During most of his formative years, Mat worked on a farm. “Starting about age 12, I worked on a truck farm, raising vegetables for a hardworking Christian couple whose children had moved away to the city to work. When I was about 16, I helped manage the farm because the owners were getting up in years. They paid for the seed, the equipment and fuel, and I provided or paid for the labor costs. We split the proceeds. I hired my friends from high school to do some of the work.
I learned to operate about every kind of farm equipment they had and learned how to market tomatoes, potatoes, cucumbers, beans, sweet corn, cantaloupe, watermelons, squash and other produce to the grocery stores. People also came to the farm to buy produce and when we couldn’t sell it fast enough, we filled up the pickup and sold it beside the highway. It was a practical introduction to a lot of hard work and business for which I am grateful.”
Mat also worked at home. “My mom operated a small café during my high school years in the first level of our house, which was an old hotel built in 1888. My brothers and I learned to cook and wash dishes. Knowing how to motivate teenage boys, my mom would say ‘As soon as the dishes are done, you can have whatever you want to eat.’ I once asked her if she ever made any money with the café. She said ‘No, but I fed four teenage boys.’”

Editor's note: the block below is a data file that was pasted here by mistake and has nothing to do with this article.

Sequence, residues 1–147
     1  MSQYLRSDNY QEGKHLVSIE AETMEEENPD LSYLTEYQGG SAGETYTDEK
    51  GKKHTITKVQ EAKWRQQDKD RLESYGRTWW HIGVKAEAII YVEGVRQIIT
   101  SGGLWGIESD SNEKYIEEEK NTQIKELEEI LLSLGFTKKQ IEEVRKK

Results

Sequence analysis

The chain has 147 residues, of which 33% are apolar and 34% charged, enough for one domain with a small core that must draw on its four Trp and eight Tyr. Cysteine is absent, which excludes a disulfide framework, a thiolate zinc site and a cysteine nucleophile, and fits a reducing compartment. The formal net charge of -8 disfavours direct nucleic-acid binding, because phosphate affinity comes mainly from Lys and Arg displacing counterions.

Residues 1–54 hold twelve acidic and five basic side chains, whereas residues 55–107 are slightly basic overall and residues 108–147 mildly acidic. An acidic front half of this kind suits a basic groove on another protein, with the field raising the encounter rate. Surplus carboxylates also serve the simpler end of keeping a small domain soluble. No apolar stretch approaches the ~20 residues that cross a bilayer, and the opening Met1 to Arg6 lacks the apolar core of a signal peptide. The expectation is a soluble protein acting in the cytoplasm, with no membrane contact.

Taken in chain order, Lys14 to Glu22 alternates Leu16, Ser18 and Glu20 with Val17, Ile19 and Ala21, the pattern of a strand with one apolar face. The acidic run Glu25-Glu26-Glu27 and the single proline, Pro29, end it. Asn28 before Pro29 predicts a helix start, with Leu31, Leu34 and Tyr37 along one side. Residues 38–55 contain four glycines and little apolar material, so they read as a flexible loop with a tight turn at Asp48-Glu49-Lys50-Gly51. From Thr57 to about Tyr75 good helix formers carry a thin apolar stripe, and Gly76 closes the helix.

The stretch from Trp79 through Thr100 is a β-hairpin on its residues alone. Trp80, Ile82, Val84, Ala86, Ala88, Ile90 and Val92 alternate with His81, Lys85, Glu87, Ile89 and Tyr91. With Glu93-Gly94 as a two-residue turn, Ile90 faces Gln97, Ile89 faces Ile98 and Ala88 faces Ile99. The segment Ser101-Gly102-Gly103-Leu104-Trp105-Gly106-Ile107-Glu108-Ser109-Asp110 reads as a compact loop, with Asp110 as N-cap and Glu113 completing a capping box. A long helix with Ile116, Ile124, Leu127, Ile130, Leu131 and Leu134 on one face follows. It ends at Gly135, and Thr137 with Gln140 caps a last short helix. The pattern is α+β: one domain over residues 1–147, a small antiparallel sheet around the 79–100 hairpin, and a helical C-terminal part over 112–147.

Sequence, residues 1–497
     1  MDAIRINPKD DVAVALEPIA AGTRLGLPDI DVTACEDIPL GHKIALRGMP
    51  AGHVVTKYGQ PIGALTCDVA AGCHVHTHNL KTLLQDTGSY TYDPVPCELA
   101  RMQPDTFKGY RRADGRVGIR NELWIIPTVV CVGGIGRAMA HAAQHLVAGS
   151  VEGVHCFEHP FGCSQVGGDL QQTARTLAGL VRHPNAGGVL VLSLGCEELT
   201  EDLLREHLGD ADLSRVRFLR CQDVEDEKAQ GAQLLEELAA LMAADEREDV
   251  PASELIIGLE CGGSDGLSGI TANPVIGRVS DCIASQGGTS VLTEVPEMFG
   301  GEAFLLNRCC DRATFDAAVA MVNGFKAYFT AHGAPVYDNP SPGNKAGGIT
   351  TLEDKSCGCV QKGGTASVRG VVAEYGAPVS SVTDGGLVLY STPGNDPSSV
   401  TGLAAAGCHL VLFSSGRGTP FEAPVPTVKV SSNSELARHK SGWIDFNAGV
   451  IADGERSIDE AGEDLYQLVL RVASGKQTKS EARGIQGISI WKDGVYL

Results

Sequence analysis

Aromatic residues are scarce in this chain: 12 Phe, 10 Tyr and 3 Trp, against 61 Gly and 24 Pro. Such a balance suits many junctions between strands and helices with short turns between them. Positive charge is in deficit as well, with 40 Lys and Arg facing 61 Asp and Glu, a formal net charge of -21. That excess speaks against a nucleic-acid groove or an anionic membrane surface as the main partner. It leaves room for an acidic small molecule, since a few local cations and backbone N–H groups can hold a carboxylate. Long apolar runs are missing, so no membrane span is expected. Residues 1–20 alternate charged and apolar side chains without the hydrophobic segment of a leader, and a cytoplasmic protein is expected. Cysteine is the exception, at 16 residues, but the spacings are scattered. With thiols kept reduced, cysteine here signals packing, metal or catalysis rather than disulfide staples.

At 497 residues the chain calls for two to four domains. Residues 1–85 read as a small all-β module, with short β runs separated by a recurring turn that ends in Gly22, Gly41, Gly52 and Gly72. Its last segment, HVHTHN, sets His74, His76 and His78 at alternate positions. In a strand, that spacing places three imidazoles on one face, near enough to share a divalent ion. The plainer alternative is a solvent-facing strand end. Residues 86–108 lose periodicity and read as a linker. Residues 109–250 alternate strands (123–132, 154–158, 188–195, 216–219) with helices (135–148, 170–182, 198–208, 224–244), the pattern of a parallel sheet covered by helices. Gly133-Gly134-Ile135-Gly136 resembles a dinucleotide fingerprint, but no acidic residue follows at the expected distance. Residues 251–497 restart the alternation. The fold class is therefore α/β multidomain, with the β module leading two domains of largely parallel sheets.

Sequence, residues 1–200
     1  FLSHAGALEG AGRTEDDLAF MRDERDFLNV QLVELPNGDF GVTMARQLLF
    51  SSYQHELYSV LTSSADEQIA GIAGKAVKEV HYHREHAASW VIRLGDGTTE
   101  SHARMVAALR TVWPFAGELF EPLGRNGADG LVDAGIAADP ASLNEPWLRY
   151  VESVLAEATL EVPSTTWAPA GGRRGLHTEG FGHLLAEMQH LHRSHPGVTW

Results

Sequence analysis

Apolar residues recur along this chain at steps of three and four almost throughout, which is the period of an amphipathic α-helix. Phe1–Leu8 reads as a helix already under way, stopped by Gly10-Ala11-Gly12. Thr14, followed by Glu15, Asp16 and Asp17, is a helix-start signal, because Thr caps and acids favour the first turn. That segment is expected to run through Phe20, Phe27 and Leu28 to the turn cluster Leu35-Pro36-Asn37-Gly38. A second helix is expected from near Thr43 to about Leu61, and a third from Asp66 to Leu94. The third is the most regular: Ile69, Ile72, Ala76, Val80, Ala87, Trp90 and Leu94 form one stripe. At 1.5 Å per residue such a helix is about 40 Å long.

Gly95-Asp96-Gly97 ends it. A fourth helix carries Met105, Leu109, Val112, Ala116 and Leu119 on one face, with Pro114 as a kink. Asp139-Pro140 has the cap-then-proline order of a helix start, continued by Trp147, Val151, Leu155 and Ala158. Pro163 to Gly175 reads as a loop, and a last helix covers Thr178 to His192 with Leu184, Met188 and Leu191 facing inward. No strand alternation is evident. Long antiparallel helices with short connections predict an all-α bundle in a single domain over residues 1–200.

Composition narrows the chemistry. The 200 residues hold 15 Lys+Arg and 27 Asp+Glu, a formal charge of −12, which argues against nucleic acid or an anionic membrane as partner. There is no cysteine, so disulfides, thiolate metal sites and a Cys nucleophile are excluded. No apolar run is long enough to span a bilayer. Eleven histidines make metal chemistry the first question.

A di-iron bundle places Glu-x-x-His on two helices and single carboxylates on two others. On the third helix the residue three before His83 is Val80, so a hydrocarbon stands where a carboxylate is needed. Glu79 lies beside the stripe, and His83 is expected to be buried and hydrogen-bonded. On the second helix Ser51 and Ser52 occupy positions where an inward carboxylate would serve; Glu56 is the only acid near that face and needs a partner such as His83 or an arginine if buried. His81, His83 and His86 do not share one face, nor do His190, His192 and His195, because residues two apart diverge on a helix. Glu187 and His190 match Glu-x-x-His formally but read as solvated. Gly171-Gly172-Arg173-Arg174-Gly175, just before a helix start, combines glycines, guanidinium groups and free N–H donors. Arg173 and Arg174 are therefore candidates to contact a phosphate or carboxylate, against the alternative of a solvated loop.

Mat has been in WCG/GCI most of his life. “My parents were baptized in the icy Clark Fork River in northern Montana in 1963. I was two years old. My parents became interested through the church’s media and my mother was miraculously healed of a serious illness not long after they became members.”
During high school Mat became interested in Ambassador College. “I was active in YOU and through the basketball program I visited both Ambassador College campuses for tournaments. My parents and our pastor encouraged me to go to Ambassador after high school and it seemed natural to do so. At the time I was personally more interested in becoming a chiropractor and had applied to Palmer College in Iowa. However, I decided to go to Ambassador in Pasadena where my brother Tim already lived.”
Transitioning from farm to city was not easy. “I nearly left college after a few weeks. I learned that I needed more money than I had first thought and I did not like the city crowds. The smog, which was thick at the time, caused me to have severe headaches. Also, I did not like the fact that I had to give speeches. When I called my parents to tell them I was coming back to South Dakota, they and the pastor encouraged me to stick it out another month and the congregation sent me enough money to get through the first semester. So I gritted my teeth and stayed.”